Personal feelings and criticism
The subject matter of Lolita is uncomfortable, but the writing is fantastic. Can I write about the writing without taking a moral angle? Of course I may, but it feels odd to do so. It feels as if I should caveat everything with "yes but it's all horrid really." In short, I'm insufficiently detached. Which is odd, because I've never felt this way about extreme violence in a novel, and I've read plenty of that. Maybe the answer is two-fold:
- I'm writing about it now
- I have a daughter
I want my daughter to grow up to be confident in her sexuality, and to feel secure with the people she chooses to be her partners. There's a lot that I can do as a dad to help with that, but it could all be undone by one leacherous horror like Humbert Humbert. I hate him for the reality he reflects, and the possibility of harm his type could bring to the ones I love.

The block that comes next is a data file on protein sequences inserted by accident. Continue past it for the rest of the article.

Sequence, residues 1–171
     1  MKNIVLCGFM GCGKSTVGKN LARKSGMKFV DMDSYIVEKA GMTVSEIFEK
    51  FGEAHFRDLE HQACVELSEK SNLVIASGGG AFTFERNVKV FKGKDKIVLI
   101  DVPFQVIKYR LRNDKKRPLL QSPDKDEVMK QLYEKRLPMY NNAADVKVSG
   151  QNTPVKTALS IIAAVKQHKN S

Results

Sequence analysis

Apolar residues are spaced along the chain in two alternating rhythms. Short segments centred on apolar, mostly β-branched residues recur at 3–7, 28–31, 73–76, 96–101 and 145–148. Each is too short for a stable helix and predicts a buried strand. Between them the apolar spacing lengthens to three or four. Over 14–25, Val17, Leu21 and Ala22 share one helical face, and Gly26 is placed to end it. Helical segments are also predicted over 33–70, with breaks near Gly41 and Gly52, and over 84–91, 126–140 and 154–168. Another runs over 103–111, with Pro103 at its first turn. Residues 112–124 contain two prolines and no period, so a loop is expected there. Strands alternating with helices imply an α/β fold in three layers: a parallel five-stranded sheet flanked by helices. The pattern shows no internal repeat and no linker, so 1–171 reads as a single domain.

Perhaps my belief in the reality of his type is itself criticism of the novel: the writing is just that good. But that fear is mostly the standard parent terror: images and scenes rise unbidden, and will induce such horror in me that I moan out-loud. I might imagine her falling into a fast-flowing river ("no you can't play there"), or being attached by a dog ("keep that vicious yorkie away!"), or burnt by water ("no darling, we're not cooking any more"), or just dying because a piano fell from a window and landed on her. All these things are possible and I fear them. The probabilty is irrelevant because the impact is so huge, and that makes the risk huge. There is no room for risk in a parent. So I read Lolita and find my reader's brain rejoycing at the writing, and my parent's brain telling me to just read something else.